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About a week after Thought Catalog ran the transphobia and Ferguson pieces, Lavergne called me from a blocked number while on businesses in Oklahoma City, where the company has an office. His voice was strained, and sighs accompanied his comments about the monsoon of acidic commentary lobbed at the site.He initially put this conversation off because of the “brutal week” he had endured.” Each of those was either written by a Thought Catalog employee or selected to be published by a Thought Catalog employee, blindly or not.The site’s growth plan is one that attempts to remove the accountability of publishing while still reaping the traffic such stories bring in.“Transphobia Is Perfectly Natural,” and “Ferguson, Missouri Looks Like A Rap Video”: So declared headlines on two consecutive days this past August from early adulthood-angst purveyor Thought Catalog, a Web site for and by millennials.Both pieces racked up thousands of social media shares while being dissected and denounced by dozens of blogs and news outlets.
Producers are trained only to screen for “ In conversations with The Post, three employees at Thought Catalog said that many employees do pull blindly from the submissions inbox — which can number in the thousands per month — and hit publish.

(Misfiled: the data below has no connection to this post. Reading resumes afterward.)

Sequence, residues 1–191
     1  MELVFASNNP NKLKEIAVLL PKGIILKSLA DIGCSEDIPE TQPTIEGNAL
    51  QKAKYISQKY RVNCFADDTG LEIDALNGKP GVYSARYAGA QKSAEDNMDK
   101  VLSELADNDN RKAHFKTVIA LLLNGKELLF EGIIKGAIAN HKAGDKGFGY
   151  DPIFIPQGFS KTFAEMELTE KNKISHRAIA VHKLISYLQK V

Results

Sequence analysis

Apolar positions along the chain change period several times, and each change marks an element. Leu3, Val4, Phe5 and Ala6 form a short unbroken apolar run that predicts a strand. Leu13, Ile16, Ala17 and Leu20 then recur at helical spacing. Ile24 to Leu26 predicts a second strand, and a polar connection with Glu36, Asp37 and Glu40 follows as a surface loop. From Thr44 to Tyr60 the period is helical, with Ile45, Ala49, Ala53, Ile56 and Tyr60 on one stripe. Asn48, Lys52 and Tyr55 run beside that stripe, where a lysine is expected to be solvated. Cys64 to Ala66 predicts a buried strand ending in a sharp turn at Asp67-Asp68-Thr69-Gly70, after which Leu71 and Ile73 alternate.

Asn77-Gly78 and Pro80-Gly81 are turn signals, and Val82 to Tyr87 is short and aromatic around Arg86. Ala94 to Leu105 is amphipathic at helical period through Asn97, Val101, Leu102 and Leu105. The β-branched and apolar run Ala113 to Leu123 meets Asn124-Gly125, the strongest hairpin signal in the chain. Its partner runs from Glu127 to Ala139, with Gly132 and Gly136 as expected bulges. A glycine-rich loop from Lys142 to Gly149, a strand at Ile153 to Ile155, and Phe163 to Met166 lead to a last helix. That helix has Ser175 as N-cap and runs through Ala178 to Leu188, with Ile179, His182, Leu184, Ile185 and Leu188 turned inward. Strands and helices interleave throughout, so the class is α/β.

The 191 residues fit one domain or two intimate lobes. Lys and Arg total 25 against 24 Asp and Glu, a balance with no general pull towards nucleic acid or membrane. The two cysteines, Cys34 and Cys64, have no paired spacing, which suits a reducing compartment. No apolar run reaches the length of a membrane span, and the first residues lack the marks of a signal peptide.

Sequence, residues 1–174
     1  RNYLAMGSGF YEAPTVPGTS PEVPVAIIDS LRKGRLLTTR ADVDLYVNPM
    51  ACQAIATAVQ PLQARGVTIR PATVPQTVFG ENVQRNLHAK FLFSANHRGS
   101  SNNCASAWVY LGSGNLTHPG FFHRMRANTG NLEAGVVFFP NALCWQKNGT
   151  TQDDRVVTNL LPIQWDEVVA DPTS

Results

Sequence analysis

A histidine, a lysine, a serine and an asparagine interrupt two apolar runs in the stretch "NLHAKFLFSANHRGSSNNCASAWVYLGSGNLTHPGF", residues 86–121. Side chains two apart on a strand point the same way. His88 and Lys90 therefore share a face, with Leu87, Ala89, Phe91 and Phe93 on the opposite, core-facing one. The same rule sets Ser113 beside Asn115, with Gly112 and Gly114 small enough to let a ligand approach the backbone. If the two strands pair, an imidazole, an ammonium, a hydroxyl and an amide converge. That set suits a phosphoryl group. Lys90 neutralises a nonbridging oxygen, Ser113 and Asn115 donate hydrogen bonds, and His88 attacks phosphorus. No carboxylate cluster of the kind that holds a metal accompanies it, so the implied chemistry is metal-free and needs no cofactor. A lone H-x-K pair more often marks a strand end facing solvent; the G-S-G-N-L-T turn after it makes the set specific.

But Thought Catalog, a powerhouse publisher that ranks among the 50 most visited Web sites in the United States, has disavowed any accountability for the pieces by claiming to be not quite a platform, not quite a publisher, but instead a “platisher” — an online publishing trend that blurs the lines between editorial product and free-for-all blogging site.
The “transphobia” piece, written by Vice co-founder and media provocateur Gavin Mc Innes, received enough backlash to cost Mc Innes his job at ad agency Rooster, which he co-founded.
But a wider reach meant that the same clumsy, hyper-intimate essays from unedited college students could no longer skate by unnoticed.
Likewise, the site’s occasional dips into current events were now subjected to the same scrutiny as any other major online publisher, resulting in brutal headlines across the Web attacking the site and its authors for a perceived – and very often, real – naiveté.
After working a handful of jobs around New York in Web design and building sites for musicians and companies, he merged his interests and Thought Catalog was born.